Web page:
by: Gerhild Fulson / Cookbook Author, Blogger, German Oma!
Cooking asparagus can be a real challenge. Especially if you're used to the white variety and can only find green available. Or, you want green and all you can find is white.
In fact, did you even know that asparagus comes in various colors?
I didn't. Having come to Canada as a child, all I knew was the delicious green variety. It wasn't until I travelled to Germany many, many years later that I discovered that Germans really only know the white variety.
Before I list the various recipes, though, let me show you just what asparagus season, aka Spargelsaison, is like. It's a time a celebration in Germany.
In fact, in most restaurants you'll find special menu inserts that feature Spargel, and only Spargel ... in soups, salads, sides, main dishes ... everything Spargel.
There are road side stands. There are farm stores. Spargel is everywhere. But, only during the spring. Fresh from the farm.
In the spring, as you travel through Germany, you'll see fields of covered asparagus rows. This photo is taken near Walsrode in Lower Saxony, Germany.
Cooking asparagus in Germany is so easy, since it can be purchased at many farms already peeled and sorted. You can buy just the tips.
You can buy just the stalks ... either fat or skinny. You choose what's best for your recipe.
And, to top it off, you can even buy the Hollandaise sauce, already made. Not a dried package mix, but ready to heat and serve with your fresh asparagus. So yummy.
Peeled white asparagus is often displayed as the luxury item it is.
Here, it's shown, nestled on ice along with some local bottled brew, with some pre-made Hollandaise sauce available as well.
The easy way to peel white asparagus! This machine is at one of the farms we visited just outside of Walsrode, Germany.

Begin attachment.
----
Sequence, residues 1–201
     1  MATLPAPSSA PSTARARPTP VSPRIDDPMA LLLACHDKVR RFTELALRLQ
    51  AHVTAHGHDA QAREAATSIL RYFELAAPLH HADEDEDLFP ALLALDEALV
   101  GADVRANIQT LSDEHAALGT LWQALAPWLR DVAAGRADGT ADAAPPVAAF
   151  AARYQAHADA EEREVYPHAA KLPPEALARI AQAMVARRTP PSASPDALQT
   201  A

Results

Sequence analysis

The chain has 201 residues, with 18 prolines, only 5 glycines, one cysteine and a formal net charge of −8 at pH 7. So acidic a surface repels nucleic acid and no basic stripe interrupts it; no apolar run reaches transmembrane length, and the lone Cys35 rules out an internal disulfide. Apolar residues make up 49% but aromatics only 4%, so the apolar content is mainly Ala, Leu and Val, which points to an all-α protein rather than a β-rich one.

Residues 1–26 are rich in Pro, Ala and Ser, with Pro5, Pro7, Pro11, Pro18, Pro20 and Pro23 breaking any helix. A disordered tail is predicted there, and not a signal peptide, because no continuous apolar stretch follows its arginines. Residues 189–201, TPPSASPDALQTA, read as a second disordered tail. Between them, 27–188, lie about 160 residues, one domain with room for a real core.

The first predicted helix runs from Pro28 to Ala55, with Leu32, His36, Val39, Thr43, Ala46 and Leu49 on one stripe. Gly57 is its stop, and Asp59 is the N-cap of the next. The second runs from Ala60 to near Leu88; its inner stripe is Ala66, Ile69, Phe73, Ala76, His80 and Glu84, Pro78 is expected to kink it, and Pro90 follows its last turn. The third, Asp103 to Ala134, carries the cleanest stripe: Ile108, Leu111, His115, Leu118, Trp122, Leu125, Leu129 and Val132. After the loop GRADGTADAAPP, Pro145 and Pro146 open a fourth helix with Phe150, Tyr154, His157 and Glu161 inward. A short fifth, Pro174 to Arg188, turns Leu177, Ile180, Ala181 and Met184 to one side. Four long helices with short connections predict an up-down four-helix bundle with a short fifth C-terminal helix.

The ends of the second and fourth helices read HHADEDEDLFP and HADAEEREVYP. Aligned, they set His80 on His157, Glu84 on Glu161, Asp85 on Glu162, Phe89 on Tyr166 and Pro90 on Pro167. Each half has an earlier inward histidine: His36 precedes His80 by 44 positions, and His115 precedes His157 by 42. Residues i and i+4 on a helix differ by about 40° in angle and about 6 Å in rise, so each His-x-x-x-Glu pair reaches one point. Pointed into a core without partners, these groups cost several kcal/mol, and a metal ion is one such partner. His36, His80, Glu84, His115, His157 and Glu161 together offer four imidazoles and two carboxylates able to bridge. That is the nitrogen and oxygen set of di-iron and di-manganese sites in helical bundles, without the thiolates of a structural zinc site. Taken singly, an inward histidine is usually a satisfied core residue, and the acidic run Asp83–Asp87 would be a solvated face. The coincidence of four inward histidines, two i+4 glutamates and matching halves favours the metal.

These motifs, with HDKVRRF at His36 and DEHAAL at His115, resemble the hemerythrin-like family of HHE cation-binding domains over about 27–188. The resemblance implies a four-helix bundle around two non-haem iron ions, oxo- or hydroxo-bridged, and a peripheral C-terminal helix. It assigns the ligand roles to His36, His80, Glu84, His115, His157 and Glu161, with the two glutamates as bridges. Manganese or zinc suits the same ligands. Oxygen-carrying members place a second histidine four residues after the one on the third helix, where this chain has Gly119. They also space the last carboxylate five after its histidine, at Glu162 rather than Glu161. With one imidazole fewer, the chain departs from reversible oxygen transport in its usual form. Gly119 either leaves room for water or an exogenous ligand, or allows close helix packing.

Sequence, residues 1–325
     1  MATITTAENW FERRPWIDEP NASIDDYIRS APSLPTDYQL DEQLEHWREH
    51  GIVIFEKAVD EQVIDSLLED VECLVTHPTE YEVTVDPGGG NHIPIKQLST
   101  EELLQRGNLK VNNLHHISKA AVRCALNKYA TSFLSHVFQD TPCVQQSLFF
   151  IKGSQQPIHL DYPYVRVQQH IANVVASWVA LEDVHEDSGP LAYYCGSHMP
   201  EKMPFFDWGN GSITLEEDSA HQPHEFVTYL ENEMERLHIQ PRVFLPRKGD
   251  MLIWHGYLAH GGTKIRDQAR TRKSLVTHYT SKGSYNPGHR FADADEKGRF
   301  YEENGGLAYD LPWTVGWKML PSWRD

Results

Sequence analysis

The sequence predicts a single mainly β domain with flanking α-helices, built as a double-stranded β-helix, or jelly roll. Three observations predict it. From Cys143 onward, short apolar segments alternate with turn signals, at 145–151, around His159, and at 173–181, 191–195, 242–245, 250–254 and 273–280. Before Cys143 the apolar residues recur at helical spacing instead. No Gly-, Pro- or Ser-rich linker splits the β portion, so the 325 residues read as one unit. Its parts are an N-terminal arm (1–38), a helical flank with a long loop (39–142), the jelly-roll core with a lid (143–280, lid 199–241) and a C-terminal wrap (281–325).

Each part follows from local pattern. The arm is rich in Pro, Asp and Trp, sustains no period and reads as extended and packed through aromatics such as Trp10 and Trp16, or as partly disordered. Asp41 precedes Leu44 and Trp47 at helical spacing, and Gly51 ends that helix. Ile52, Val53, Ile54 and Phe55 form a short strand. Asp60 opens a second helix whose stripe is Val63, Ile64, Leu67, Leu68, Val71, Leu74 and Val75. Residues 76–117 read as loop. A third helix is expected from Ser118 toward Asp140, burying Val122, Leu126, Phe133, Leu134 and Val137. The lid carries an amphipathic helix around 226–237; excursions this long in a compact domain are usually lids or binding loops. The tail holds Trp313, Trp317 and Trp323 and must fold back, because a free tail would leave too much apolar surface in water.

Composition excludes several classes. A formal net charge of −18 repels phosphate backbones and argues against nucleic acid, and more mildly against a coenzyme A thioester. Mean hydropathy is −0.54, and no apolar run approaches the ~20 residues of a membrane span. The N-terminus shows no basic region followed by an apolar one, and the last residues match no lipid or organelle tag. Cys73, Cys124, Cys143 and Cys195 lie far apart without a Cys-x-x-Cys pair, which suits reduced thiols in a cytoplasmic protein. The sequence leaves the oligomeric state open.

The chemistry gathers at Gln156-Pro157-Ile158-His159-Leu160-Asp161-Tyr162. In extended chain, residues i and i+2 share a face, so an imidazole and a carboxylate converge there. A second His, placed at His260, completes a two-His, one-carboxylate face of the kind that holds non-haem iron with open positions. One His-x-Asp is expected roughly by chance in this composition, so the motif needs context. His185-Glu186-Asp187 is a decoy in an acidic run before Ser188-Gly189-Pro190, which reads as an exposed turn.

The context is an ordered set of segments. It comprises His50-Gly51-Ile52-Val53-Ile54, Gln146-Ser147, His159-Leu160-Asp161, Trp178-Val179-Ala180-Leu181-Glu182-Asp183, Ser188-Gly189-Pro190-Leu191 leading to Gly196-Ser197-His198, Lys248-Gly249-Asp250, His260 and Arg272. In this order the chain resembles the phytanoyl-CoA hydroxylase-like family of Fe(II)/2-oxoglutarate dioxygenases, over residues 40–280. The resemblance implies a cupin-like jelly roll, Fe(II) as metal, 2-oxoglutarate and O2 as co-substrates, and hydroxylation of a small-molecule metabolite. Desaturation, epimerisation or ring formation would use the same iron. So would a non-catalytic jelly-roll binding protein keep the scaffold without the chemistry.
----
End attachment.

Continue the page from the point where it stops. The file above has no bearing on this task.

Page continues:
The last time I was over in Germany, visiting my cousin, we went to various farms to purchase the white asparagus. Mostly, one could buy them already peeled.
So easy! The machine, shown above, does all the tedious work.
However, I do recall going through a shopping plaza in Hamburg, and in the grocery area, there was a shop where someone was sitting and peeling the asparagus by hand in order to sell them 'peeled' as well.
Green Asparagus is the most common available in the States and Canada. It has the strongest 'asparagus' flavor, sort of 'grassy'. To cook this, only the lower fibrous end needs to be 'snapped' or cut off.
Purple Asparagus has a bit of a fruity, nutty flavor, is sweeter and is less stringy than the green type. This one tastes wonderful raw. Cooking asparagus, it will eventually turn green.
White Asparagus has been grown without light (as shown in the photo above) by hilling it and covering it. This keeps the chlorophyll from developing and keeps the stalks creamy white.
White is more labor-intensive to grow and quite expensive in the State and Canada. It is most widely cultivated in Germany. To cook this, the whole stalk needs to be peeled from right under the head to the end, and then about 1" of the bottom end also cut off.
Grab your copy of Oma's favorite asparagus recipes in A is for Asparagus eCookbook.
Take a peek at all Oma's eCookbooks. They make sharing your German heritage a delicious adventure!
Yes, you can actually buy the Hollandaise sauce already made. However, it's so easy to make your own. Check out this recipe and then see the ones listed below.
Did you know that asparagus contains asparagusic acid. When one eats asparagus, this chemical is broken down into a group of related sulfur-containing compounds.
It appears that some people produce the smell, some people can smell the smell, some can produce it and not smell it, and some can smell it and not produce it, and some can smell it and produce it.
Just thought you'd like to know! :)
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Words to the Wise
"Good planning and hard work lead to prosperity, but hasty shortcuts lead to poverty."
Proverbs 21:5 (NLT)